Investing, i know that i should, but how – straight dope message board

Small-cap value is a discretionary (albeit disciplined algorithmic) strategy, so some care is warranted – not all indices/funds are equal or equally well managed. Blackrock and Vanguard are the two best. IJS and VBR track different indices. IJS has higher fees, but the average market cap of its indexed stocks is half the size. I think diversifying across the two indices/funds is warranted.

SCZ is the most expensive fund here at 0.40%. But choices for international small cap exposure for a U.S. investor are limited, and this is the best. It gives exposure to international small cap in exactly the places where small cap has historically outperformed – i.e.

excluding emerging markets and excluding Canada. For this reason, it has consistently outperformed the cheaper Vanguard fund (VSS) by far more than the difference in management fees.

IEFA and IEMG have corresponding Vanguard funds (VEA, VWO) that are almost indistinguishable in fees, size, performance. The Blackrock funds seem to do a better job of identifying Qualifying Dividends in their international funds (better tax treatment for your dividend income). And other things being equal, better to diversify assets across two equally good fund managers than have everything with Vanguard.

I recently read about a newly retired multi-millionaire-like 2 or 3 million. He got there the old fashioned way- worked and saved and invested like clock-work over his entire career. After he retired he found himself associating with people in similar situations. As a kind of hobby, he started asking them how they retired at that level. The majority of them had done it the same way he had. He kept asking around and eventually talked to over 200 people in similar situations. Again the majority put their retirement money in an index fund over several decades. Obviously these were pretty well-paid individuals but the strategy was the same. S&P500 index at the lowest cost possible. Invest every 2 weeks regardless of the market. If possible increase your investments during downturns. Those that didn’t follow the strategy were self-selected out of the group by not making very much. The strongest ones would follow the market closely-but never deviate from the strategy. They would look but not touch!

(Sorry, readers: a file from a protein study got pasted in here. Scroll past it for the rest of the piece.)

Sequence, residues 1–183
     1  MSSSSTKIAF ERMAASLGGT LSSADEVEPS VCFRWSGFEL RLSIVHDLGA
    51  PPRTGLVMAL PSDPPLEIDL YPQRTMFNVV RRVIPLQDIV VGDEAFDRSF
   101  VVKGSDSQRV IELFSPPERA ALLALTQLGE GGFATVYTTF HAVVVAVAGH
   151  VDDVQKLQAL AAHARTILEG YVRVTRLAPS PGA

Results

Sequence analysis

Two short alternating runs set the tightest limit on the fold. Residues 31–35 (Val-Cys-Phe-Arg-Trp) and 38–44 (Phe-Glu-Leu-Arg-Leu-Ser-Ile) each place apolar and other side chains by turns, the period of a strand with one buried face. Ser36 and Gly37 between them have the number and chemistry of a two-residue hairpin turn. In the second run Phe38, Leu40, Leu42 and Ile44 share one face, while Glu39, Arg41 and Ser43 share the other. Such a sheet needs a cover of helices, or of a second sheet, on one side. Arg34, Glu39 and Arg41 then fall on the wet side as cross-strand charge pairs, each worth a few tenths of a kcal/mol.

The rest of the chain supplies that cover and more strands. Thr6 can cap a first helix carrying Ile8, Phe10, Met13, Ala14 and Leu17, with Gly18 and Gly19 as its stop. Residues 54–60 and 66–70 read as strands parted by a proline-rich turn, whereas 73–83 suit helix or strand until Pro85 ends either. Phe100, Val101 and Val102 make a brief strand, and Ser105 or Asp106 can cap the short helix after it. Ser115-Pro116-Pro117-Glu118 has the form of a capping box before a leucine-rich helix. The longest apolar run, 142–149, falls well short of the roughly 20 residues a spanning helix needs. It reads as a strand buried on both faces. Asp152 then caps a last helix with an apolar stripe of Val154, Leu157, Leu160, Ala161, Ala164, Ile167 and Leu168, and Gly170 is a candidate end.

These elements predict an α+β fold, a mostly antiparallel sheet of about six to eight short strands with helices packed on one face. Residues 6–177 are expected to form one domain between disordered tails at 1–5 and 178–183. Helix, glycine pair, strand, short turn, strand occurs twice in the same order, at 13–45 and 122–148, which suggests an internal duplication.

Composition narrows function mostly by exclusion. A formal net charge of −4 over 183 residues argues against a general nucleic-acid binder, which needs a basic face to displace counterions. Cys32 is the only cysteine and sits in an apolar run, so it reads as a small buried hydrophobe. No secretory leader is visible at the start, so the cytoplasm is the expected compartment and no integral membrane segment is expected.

Small-cap value is a discretionary (albeit disciplined algorithmic) strategy, so some care is warranted – not all indices/funds are equal or equally well managed. Blackrock and Vanguard are the two best. IJS and VBR track different indices. IJS has higher fees, but the average market cap of its indexed stocks is half the size. I think diversifying across the two indices/funds is warranted.

SCZ is the most expensive fund here at 0.40%. But choices for international small cap exposure for a U.S. investor are limited, and this is the best. It gives exposure to international small cap in exactly the places where small cap has historically outperformed – i.e. excluding emerging markets and excluding Canada. For this reason, it has consistently outperformed the cheaper Vanguard fund (VSS) by far more than the difference in management fees.

IEFA and IEMG have corresponding Vanguard funds (VEA, VWO) that are almost indistinguishable in fees, size, performance. The Blackrock funds seem to do a better job of identifying Qualifying Dividends in their international funds (better tax treatment for your dividend income). And other things being equal, better to diversify assets across two equally good fund managers than have everything with Vanguard.

For foreign small cap value there does not appear to be many options for those of us who don’t have access to DFA. But I’d prefer to use a foreign large cap value ETF over a foreign small cap ETF, since historically the value premium has been both larger and more stable than the small cap premium, at least domestically we know this has been the case.